Report revealed third runway not best financial option for British people

Transport Secretary Chris Grayling knew about a report that concluded Gatwick expansion would benefit British people more than Heathrow expansion when he announced Heathrow as the government's preferred option, the Evening Standard has revealed today. 

Heathrow has got Grayling and May where they want them

Heathrow has got Grayling and May where they want them

A cost-benefits analysis conducted by Department for Transport (DfT) officials using standard Whitehall methods concluded that when benefits to overseas travellers and firms were excluded, British people and firms could gain up to £4 billion more in advantages if rival Gatwick was chosen for expansion.

The findings of the study were in the annexe to a report published when Transport Secretary Chris Grayling announced Government backing for the third runway.

The DfT has said that the full report went to the decision-making Cabinet committee chaired by Theresa May but it was not circulated to the full Cabinet when members held its own debate on airport expansion a week earlier.

The process by which Heathrow was chosen as the preferred option is being shown to be outrageously biased in favour of that airport, starting with the decision to appoint Sir Howard Davies to Chair the Airports Commission despite his connections to companies that have been linked to Heathrow. 

It’s astonishing that Ministers could have signed off on this project when even the Government’s own figures say Gatwick is the better option for UK residents.
— Theresa Villiers, Former Cabinet Minister and opponent of Heathrow expansion

In his Commons statement last week, Mr Grayling said Heathrow’s north-west third runway plan was chosen because it offered “the largest benefits to passengers and the wider economy, of up to £61billion over 60 years”.

However, the Further Review and Sensitivities Report makes clear that these benefits include impacts outside the UK as well as the value to overseas travellers using Heathrow as a hub to pass through. This is a statement clearly intended to mislead MPs who will ultimately get a vote to approve an expansion option.

When the UK-only benefits were calculated, they estimated that a third runway would bring benefits of between £5.8 billion and £9.9 billion.  But they predicted Gatwick expansion would be worth £8.9 billion to £10.3 billion to UK residents.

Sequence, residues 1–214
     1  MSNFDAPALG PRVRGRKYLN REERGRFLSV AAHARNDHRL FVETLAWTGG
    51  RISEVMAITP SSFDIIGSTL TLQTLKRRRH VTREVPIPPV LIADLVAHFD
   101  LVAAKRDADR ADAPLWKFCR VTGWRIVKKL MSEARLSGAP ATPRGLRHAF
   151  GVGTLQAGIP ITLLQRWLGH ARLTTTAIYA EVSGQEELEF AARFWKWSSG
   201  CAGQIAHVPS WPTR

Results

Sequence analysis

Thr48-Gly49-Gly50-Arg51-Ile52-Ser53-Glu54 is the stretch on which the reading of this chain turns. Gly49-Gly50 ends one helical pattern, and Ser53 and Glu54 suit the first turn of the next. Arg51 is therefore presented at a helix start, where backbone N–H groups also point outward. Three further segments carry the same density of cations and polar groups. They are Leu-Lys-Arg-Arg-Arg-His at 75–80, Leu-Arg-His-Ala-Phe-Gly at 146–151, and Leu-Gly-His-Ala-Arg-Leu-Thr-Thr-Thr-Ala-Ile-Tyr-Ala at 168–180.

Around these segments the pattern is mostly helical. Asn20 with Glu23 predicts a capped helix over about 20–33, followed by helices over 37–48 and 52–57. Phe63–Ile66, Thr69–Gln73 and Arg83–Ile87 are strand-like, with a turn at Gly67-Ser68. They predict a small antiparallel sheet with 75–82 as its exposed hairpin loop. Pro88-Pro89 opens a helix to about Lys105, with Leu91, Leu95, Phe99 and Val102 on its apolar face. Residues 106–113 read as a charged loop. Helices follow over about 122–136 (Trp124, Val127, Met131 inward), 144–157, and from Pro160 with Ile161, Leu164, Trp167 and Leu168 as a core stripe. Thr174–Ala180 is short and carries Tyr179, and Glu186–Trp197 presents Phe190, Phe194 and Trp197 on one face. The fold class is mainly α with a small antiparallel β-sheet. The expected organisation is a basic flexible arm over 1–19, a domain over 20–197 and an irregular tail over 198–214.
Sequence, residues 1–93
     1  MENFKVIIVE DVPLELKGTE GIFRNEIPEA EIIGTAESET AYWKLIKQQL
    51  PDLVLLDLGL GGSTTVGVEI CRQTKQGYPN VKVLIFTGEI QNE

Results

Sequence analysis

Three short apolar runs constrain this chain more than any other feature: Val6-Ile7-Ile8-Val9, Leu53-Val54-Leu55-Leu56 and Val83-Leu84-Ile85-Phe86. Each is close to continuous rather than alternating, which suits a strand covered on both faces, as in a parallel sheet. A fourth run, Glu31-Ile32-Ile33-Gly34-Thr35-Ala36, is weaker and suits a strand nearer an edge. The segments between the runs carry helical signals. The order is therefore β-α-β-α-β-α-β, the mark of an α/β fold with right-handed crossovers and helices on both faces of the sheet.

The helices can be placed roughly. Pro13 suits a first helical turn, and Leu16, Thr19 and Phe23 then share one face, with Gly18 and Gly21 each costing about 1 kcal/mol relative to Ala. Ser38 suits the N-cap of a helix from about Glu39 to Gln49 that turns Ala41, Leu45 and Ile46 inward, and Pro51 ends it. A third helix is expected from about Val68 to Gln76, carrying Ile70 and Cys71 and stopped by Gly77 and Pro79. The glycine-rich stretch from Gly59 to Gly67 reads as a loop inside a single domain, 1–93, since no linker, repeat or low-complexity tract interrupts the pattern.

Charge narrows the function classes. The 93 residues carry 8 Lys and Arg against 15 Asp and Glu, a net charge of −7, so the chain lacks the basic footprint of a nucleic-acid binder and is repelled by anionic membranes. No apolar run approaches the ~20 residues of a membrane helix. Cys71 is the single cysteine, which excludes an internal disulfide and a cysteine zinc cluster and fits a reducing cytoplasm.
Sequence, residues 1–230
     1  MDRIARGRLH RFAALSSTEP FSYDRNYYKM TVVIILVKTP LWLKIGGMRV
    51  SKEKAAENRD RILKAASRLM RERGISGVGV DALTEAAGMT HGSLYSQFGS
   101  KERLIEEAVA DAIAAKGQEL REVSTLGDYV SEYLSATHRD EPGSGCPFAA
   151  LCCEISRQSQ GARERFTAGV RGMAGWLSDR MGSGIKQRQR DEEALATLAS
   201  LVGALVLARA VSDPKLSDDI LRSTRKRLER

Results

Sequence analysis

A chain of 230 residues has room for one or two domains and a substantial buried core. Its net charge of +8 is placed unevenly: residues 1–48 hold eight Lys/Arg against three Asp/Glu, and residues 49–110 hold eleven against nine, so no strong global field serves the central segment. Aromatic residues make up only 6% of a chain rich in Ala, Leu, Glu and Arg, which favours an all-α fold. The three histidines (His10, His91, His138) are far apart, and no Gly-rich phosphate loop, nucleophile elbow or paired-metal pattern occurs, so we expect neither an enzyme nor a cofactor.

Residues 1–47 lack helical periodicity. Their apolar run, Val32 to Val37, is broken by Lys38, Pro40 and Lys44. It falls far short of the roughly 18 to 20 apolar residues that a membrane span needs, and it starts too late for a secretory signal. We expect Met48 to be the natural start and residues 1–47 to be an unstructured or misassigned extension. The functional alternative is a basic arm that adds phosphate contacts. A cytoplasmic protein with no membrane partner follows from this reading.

The Evening Standard has detailed some of the other "startling findings" from the detailed report:

Mr Grayling’s case for a third runway included an estimate for the extra costs of road and rail links to Heathrow as being just £3.4 billion or less - that's even smaller than the Airport Commission estimate of over £5 billion and a fraction of Transport for London’s claim that they could cost farepayers £10 to £15 billion. 

An overrun in Heathrow’s costs of just one per cent could be enough to negate the overall benefits of the scheme. By contrast the analysis found Gatwick, which would cost half as much, would still offer benefits if costs rose by 44 per cent.

The UK-only figures did not form part of the DfT’s central case for a third runway because, according to officials, they should be seen as “no more than indicative” and were “of low analytical assurance”. Funny how the Dft selects what it will and what it will not consider. 

The case for Heathrow is falling apart before our eyes.
— Zac Goldsmith, who resigned after a third runway became the preferred option

Zac Goldsmith, who is fighting a by-election as an Independent, said: “Yesterday it became apparent it would fall foul of air quality requirements. Today we see the economic benefits to British people are much smaller than offered by Gatwick. The Government has been herded into a quagmire by vested interests. They need to step back.”

John Stewart, of anti-expansion group Hacan, said: “It seems the Government has put the interests of hub passengers changing planes at Heathrow before anything else.”

Christine Taylor of residents' campaign group Stop Heathrow Expansion said: "Around 10,000 people living near Heathrow could lose their homes as a result of a third runway. It is shameful  that the British government thinks less of these people than greedy overseas businesses and passengers who are simply passing through this foreign-owned airport on their way to somewhere else."

Ferrovial, part owner of Heathrow, makes roads like this expects a good profit from expansion

Ferrovial, part owner of Heathrow, makes roads like this expects a good profit from expansion

A DfT spokesman told the Evening Standard: “Heathrow offers the greatest benefits. The independent Airport Commission report was very clear that it is the best scheme."

The spokesman then trotted out Heathrow PR about jobs and apprenticeships that COULD be created.

We all know about Heathrow promises - they are made to be broken.  

 

  

 

Stop Heathrow Expansion